As the night struck, Friend A had found cooler friends. Probably someone who didn’t refer to themselves as “The Magni-teers”. Accompanied by a now-spirited Friend B, we again embarked on a similar journey. But priorities had changed. No longer were the secret parties on our hot pursuit. The importance of having a great story was thankfully overshadowed by the importance of having fun. First came the Delhi Sultanate set at the Peacock Club in the desert area, blending the sounds of Jamaican beats with Indian music. And oh brother, did we vibe to Selekta & MC’s performance. Booties were shaken, heads were nodded, shoulders were swung, albeit not as gracefully as peacocks, yet enough to deter any human female peacock in attendance. 



Then came the headline performance from Glass Beam, a mysterious quartet from Australia, who wear glittery golden masks to hide their faces. Their appearance and the music might make you wonder if this is what Daft Punk would have been had they spent a summer in Arambol, in a good way of course. This is where I perfected the art of festival dancing. The trick is to wear dark sunglasses to avoid eye contact with people you’ll inadvertently bump elbows into, and just copy the steps from the guy ahead. You’ll either look extremely synchronized or extremely off-beat. The point is, no one cares.  


Amidst all this, though, the hospitality of the festival staff and the locals shines through. It isn’t easy to host five people, let alone five thousand. And perhaps therein lies the secret of Magnetic Fields’ success. Locals welcome it, it is good for business. But it’s not all about money. Vendors outside the venue share stories about the place, reminiscing about how the town of Alsisar once thrived in culture and trade, before many residents departed in search of work. It’s the enduringly giving nature of the folks that keep everything functioning. Despite the dirt and debauchery that affluent individuals often bring with their entitlement, floors were cleaned, toilets were unclogged, and everything was restored to its place. You wouldn’t even know that anyone was there. 


Even though Friend B’s Gen Z zeal turned me green with envy, I finally decided to embrace the tent at 5 am, with my legs on tenterhooks, waiting for me to give up during our stop back at the Pursue Disco and with Friend A still absent. 


Bonds, Forged 


Image Credits: Alsisar Mahal


The last day finally arrived, bringing in a contrary set of emotions. On one end, three days had seemed excessive for the introvert in me. A few other Tent residents felt the same, leaving the festival on Sunday to prepare for Monday. On the other end, three days somehow didn’t feel enough. I had just gotten familiar with the palace and where the lines for the bathroom were shorter, developing some semblance of familiarity as if it was my own place.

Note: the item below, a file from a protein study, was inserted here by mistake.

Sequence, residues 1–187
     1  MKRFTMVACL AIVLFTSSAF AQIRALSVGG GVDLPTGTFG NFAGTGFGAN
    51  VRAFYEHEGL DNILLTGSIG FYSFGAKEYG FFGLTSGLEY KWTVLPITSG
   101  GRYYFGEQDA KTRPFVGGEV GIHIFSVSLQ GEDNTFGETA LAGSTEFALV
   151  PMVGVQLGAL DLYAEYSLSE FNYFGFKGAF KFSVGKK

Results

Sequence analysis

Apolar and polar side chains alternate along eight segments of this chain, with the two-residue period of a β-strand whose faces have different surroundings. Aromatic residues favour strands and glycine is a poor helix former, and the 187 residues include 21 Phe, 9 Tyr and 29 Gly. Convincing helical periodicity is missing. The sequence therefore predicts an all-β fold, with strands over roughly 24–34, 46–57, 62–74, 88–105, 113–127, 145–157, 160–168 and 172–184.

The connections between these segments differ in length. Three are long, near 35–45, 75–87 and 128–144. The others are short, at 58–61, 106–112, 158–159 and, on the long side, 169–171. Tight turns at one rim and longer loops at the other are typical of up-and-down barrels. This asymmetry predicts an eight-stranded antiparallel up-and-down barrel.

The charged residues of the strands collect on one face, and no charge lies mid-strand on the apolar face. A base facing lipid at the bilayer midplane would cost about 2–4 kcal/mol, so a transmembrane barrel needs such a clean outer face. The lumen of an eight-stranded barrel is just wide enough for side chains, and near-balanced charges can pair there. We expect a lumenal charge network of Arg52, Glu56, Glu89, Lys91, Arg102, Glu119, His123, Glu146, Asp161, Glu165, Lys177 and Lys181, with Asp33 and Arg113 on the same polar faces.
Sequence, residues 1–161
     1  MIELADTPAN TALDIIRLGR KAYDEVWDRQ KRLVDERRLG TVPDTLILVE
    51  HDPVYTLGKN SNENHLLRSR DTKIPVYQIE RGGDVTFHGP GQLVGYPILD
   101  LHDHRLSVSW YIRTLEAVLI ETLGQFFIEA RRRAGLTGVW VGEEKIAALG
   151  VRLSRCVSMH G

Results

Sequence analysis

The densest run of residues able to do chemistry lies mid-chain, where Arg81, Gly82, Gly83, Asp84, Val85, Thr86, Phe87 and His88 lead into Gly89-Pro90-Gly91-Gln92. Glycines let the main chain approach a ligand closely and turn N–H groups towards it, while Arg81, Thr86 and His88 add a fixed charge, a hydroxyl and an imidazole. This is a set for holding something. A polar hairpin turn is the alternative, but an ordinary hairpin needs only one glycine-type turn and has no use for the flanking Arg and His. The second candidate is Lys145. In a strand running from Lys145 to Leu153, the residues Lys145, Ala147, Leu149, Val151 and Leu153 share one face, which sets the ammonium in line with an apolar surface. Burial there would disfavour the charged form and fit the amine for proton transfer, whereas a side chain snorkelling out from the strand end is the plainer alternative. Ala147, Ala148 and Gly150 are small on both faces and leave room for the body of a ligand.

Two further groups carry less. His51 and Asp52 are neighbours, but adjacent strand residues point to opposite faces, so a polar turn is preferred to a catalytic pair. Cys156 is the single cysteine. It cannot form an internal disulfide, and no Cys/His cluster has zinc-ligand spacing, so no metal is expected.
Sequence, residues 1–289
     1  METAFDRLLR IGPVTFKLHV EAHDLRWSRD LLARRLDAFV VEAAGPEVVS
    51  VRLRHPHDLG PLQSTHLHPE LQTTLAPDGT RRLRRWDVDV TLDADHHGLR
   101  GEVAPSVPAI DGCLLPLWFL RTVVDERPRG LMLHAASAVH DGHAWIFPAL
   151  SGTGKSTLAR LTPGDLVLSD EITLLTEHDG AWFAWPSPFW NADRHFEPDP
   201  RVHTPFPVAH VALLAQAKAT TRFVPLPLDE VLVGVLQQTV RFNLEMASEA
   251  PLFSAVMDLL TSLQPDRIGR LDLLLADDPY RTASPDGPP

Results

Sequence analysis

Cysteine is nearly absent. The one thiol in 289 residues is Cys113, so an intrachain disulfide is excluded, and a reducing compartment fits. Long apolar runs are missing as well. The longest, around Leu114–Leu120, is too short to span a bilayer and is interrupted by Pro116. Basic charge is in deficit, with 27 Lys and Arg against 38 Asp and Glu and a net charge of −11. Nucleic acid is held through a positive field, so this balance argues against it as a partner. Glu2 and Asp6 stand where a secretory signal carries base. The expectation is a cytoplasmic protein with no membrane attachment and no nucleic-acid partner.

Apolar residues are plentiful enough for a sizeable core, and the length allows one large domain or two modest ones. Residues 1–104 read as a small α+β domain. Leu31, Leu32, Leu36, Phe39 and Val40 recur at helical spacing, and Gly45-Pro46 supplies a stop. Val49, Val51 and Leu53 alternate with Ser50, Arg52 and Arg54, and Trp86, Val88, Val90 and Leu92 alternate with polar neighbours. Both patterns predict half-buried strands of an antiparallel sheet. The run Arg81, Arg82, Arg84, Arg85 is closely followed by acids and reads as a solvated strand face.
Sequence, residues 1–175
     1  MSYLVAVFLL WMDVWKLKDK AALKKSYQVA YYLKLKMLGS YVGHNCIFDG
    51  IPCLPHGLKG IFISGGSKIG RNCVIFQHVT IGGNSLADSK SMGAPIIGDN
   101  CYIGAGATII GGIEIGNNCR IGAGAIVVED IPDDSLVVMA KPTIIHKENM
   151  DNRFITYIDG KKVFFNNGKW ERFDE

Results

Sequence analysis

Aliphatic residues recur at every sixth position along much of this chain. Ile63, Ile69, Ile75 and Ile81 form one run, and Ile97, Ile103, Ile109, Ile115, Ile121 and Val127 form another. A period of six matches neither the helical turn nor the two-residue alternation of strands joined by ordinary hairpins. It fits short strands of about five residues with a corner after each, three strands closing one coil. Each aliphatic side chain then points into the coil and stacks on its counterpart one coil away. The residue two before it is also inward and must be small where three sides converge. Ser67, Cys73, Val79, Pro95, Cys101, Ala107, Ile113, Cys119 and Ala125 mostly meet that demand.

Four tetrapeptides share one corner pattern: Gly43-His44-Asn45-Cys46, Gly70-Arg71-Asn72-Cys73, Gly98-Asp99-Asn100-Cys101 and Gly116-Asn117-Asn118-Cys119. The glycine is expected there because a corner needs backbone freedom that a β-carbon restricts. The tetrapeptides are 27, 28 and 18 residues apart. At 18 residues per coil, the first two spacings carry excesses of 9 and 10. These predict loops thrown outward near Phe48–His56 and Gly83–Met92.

For better or worse, the decision was made to take it easy. Both Friend A and B agreed. The Magni-teers were finally going to be together the whole night. Loaded up on seltzers, we were about to witness what I consider the highlight of the whole festival. A multitude of Rajasthani Folk music played through late afternoon at Darbar Hall, from traditional performances to instruments. 


Now, I’ve been fortunate enough to experience events which I call “ethereal,” an out-of-body experience that is indescribable. In the last two years, it’s been the bonfire scene from Céline Sciamma’s Portrait of a Lady on Fire (2019) and riding the new KTM 390 Duke. But the performance I witnessed from now Bollywood regular, Moti Khan, made me almost tear up. It was incredible. So much so, that even the Prince himself was seen shaking shoulders with attendees. 


Followed up by India’s leading EDM producer, Dualist Inquiry, who debuted a snippet of his upcoming album exclusively at the festival—a little cherry on the EDM-themed cake, if you will.  


Image Credits: Pursue


The magic of Magnetic Fields lies in its elusive inclusivity, offering a boiling pot of different cultures that you’ll only find independently in different pockets of the country, all welcomed without any judgment or snark. As close to Utopia as it can get. By the end of the festival, The Magni-teers had walked 62,809 steps across the venue in total. That’s 45.8km in total. The coin toss had worked. And at every step, a bond was forged. I hope Friends A and B remain in my life in some capacity, or at least until I meet Friends C and D for a different story. 


Feature Image Credits: Parikshit Deshpande